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Why Is Technology Transfer Important to the Addictions Treatment and Recovery Field?

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Technology by definition deals with the application of “scientific knowledge” to practical purposes in a particular field. In other words, technology deals with how we use the “tools of our trade” to do our job. In the treatment field, these tools fall into one of three broad classes: knowledge, skills and attitudes. The job of research is to constantly examine and evaluate these tools and any innovations or additions that occur over time.

Since technology changes over time, we depend on research to continually examine and evaluate technology changes for us. The technology used by our field provides answers to questions such as “how can prevention and treatment efforts yield better outcomes for clients?”

Given the mounting pressures to contain health care costs and the increasing emphasis on “outcome funding,” entities connected to the prevention and treatment of substance use disorders have had to focus on improvements in practice that positively impact client outcomes. Yet there is mounting evidence indicating that much of the scientific knowledge gained from addiction-related research is often not utilized in practice. “There are more than 8,000 community-based treatment providers in the United States – and they account for the bulk of alcohol and other drug treatment. In spite of great strides made in research on the science and treatment of addiction, there are still many barriers to linking research findings with policy development and treatment implementation.”4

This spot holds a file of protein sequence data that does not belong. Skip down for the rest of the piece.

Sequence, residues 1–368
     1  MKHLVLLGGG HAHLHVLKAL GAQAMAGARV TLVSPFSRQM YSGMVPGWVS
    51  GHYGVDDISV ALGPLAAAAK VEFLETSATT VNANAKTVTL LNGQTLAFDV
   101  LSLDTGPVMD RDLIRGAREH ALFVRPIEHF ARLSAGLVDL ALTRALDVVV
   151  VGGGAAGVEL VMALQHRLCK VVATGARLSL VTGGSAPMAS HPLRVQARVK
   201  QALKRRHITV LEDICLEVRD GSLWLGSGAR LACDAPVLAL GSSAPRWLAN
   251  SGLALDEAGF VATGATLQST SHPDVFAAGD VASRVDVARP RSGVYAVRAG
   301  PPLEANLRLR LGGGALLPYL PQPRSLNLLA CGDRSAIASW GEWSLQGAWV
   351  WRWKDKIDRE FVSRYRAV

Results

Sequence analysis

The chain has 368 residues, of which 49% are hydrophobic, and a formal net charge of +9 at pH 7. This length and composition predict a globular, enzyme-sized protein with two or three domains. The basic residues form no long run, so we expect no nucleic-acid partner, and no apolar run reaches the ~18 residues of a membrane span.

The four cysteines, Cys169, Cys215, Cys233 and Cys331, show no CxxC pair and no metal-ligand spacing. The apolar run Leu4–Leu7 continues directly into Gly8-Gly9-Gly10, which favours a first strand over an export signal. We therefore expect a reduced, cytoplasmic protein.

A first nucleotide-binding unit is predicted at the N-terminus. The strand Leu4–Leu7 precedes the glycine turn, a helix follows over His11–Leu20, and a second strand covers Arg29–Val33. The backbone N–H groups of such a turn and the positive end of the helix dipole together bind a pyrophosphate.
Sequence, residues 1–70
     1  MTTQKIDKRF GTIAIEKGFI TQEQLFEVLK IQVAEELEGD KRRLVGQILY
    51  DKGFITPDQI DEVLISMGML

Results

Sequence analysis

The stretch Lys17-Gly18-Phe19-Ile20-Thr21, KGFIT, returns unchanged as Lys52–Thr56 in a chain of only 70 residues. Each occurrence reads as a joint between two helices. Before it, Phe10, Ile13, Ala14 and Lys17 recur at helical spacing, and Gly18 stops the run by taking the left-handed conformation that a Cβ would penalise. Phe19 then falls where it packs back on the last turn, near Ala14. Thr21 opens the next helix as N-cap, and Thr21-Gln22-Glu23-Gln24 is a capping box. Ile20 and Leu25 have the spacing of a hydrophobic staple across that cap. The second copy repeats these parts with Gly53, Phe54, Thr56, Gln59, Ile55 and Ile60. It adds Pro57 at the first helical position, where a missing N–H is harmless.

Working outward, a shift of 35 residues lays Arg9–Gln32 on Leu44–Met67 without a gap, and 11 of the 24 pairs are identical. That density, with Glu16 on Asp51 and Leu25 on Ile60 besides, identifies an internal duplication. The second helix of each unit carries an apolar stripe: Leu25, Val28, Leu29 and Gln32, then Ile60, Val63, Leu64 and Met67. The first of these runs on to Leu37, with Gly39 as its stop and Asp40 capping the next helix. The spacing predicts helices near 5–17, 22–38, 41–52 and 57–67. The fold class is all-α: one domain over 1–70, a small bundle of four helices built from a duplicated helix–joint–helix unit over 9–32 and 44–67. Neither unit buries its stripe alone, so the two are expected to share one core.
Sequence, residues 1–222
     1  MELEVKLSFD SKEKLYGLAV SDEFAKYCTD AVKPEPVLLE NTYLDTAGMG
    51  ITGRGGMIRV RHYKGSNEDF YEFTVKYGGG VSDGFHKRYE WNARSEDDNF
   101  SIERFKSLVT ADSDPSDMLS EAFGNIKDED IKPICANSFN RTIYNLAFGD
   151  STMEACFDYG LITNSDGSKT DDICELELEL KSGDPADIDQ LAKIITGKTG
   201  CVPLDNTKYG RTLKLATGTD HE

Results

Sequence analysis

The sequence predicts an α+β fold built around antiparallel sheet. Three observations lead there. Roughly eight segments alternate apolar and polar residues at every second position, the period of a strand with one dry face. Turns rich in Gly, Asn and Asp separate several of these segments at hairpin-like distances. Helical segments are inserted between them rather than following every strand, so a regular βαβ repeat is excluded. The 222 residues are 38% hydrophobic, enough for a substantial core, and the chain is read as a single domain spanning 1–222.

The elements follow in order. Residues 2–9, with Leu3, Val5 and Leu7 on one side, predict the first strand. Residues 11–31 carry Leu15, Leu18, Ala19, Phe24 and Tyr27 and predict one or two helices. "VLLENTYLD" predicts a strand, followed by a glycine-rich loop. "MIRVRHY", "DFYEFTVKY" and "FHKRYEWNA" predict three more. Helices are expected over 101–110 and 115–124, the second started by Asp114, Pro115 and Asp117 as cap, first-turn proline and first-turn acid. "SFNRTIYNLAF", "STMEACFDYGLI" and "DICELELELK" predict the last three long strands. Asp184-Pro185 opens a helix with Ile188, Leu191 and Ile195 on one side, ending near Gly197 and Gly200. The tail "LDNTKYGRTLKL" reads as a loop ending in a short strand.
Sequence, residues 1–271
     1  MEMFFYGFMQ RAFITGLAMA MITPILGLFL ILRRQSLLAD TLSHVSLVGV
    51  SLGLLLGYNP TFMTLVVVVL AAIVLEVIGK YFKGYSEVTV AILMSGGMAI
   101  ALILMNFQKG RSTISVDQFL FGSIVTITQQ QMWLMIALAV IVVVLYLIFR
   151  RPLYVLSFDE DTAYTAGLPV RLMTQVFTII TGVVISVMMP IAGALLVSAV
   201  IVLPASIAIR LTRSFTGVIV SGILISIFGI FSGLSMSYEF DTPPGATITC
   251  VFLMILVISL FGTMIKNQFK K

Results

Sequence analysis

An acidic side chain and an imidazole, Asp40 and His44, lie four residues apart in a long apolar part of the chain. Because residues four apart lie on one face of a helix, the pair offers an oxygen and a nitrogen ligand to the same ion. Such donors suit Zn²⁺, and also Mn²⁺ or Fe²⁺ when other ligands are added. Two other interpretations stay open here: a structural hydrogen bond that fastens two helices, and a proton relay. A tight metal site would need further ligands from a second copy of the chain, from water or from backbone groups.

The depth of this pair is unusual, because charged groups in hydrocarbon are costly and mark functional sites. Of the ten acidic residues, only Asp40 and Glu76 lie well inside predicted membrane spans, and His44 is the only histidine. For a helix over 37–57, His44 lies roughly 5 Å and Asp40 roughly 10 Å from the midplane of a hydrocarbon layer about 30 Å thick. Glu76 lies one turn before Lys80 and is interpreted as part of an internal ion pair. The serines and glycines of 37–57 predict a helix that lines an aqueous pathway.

So the question becomes, how do we transform what is useful into what is actually used? How do we move technology developed academically into standard professional practice? The answer is technology transfer.

Technology transfer is not new. Humans have been using technology transfer throughout our existence. In many ways, successful technology transfer is what determined which groups survived and which did not. This still holds true for disciplines and professions today.


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